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The Board Connection

December 22, 2016

The end of the year is almost here and many of us are looking forward to 2017. But the end of the year is also a time to reflect on how the District has done over the past 12 months. 

District Administration presented the Annual Education Results Report and Three-Year Education Plan to Trustees at the end of November. It outlines the District’s achievements and plans for making sure even more students are successful in the future.

Our results, overall, are impressive. They reflect the hard work that teachers and students do in our schools every day. But there is always room for improvement.

As you may have read in the news, some of our math results declined compared to previous years. This is something we take very seriously. District staff are working hard to improve these results and Trustees spent roughly two hours discussing math and numeracy at our November 29 Board meeting

In the math and numeracy report, staff shared that the number of Grade 6 students achieving the acceptable standard on Provincial Achievement Tests (PATs) had declined, as had the number of students achieving the acceptable standard on diploma exams. Nevertheless, our math results remain higher than the province as a whole.

We also saw promising results among our Grade 9 students, with more of them meeting or exceeding the acceptable standard on PATs compared to last year.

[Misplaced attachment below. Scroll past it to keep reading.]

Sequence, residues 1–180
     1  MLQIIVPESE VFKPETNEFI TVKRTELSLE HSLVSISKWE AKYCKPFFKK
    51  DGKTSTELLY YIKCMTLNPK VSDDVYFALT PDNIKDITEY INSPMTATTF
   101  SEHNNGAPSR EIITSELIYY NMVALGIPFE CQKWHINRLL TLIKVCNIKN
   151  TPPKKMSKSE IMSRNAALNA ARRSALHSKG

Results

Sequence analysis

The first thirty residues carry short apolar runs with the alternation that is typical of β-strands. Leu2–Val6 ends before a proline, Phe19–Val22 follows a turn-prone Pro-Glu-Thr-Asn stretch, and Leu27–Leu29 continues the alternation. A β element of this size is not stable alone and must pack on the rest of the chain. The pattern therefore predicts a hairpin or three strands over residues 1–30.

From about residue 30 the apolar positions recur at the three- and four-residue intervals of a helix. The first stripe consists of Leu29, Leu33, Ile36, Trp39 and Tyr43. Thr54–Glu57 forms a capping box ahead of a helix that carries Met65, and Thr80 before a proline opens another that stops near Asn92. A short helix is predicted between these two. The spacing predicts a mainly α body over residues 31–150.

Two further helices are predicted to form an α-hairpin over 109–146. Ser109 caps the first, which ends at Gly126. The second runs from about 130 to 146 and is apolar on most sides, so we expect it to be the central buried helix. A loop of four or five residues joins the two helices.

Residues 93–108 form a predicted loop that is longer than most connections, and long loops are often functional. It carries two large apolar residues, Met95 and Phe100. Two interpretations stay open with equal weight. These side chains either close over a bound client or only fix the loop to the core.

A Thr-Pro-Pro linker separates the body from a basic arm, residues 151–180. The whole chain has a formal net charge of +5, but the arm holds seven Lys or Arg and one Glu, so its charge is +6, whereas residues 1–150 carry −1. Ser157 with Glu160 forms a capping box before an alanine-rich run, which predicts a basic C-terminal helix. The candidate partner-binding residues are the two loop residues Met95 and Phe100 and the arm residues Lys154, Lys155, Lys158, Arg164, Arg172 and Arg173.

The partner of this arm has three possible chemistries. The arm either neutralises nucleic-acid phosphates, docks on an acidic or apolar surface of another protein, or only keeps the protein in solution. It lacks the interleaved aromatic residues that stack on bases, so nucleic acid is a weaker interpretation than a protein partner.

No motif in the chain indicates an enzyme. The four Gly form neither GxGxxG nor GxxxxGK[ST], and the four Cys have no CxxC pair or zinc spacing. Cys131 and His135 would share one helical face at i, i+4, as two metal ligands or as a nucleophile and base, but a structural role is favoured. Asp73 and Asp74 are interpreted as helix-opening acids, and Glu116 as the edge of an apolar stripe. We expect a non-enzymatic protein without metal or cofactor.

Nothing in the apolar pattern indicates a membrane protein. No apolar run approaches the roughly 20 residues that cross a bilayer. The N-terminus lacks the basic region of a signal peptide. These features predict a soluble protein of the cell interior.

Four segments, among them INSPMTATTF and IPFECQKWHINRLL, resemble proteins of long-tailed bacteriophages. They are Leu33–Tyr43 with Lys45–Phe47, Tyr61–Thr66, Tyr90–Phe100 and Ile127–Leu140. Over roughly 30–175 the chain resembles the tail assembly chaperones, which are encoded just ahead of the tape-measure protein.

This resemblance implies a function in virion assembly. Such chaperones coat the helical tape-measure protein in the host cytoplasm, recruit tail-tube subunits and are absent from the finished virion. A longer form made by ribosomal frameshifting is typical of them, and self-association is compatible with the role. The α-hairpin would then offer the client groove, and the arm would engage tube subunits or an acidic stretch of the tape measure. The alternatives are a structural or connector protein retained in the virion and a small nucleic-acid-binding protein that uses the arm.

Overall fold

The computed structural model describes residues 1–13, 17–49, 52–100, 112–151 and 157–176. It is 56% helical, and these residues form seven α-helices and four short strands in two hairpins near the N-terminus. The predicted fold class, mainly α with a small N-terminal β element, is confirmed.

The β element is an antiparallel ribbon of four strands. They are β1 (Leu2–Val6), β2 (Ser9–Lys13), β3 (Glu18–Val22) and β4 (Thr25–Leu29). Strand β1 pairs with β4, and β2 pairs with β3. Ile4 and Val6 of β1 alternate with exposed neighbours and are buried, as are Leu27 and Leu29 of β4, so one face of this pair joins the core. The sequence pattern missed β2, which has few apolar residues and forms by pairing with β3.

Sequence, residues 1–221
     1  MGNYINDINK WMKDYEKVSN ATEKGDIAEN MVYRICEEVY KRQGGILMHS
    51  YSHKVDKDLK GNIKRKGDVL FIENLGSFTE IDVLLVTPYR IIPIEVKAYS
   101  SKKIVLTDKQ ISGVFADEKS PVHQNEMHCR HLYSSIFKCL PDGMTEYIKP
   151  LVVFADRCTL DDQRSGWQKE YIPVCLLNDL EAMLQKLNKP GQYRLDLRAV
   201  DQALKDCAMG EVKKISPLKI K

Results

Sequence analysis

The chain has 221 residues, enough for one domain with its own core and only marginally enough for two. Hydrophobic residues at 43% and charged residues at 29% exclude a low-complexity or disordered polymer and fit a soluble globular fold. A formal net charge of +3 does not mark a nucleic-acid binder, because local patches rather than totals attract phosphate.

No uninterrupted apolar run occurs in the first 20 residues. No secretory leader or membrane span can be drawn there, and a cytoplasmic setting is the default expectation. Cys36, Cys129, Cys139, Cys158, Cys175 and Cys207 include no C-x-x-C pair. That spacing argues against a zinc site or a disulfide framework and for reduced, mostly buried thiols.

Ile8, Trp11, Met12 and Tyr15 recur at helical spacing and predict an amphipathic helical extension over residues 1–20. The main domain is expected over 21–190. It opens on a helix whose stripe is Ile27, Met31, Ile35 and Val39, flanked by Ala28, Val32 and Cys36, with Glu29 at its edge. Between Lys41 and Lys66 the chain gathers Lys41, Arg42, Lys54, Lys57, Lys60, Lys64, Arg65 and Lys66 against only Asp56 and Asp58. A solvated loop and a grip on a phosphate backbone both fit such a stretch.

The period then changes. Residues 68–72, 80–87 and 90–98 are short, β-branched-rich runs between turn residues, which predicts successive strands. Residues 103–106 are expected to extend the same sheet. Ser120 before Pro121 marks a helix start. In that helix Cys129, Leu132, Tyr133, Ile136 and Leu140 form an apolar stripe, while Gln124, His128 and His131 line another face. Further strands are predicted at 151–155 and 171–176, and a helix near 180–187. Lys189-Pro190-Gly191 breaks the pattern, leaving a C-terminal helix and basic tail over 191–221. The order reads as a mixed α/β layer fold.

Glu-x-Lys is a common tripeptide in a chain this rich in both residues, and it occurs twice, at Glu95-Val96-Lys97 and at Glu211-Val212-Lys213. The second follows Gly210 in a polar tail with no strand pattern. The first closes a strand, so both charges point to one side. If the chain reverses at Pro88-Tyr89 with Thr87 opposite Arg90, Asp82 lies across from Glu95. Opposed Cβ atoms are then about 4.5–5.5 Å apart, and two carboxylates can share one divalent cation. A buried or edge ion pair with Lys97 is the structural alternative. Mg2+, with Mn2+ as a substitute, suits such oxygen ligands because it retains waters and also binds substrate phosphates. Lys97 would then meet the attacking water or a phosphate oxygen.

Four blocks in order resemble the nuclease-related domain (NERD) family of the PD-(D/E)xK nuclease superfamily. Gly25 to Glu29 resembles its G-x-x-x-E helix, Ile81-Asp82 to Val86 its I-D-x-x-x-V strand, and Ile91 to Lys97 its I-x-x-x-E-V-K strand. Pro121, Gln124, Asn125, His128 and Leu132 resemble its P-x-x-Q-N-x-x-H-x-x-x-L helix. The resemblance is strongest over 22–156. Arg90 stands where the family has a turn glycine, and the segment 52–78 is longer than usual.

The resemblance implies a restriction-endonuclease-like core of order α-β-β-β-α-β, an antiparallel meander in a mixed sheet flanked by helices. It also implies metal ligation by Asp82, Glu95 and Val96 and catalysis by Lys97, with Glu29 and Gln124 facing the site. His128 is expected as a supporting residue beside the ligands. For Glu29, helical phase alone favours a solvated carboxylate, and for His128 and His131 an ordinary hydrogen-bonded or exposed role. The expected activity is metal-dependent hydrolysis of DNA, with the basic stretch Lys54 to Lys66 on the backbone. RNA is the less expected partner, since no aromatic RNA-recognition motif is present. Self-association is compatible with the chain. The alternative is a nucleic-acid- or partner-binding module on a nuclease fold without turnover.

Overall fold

Staff highlighted some of the strategies they are using to improve math results in our District and ensure every student has the math and numeracy skills they need to succeed. These include: 

  • Identifying schools that consistently achieve high marks in math. We’ll learn what they’re doing to get such good results and apply it to other schools in the District.
  • Providing schools with more support to assess and identify students who need extra help, so we can make sure those kids get the support they need to succeed.
  • Providing more opportunities for professional development in the areas of math and numeracy, with a particular focus on junior high and high school teachers.

For more information about our math results and strategies, you can read the full report.

Of course, behind all this talk of results and strategies are individual students. If you feel your child is struggling with math and needs extra help, you should first talk to their teacher about what’s happening in the classroom. Your child’s teacher will have the best understanding of your child’s individual needs and can recommend extra supports that may be helpful.

As we break for the holidays, know that District staff are working hard to ensure every student has the resources they need to succeed. I hope you all have a happy, restful winter break.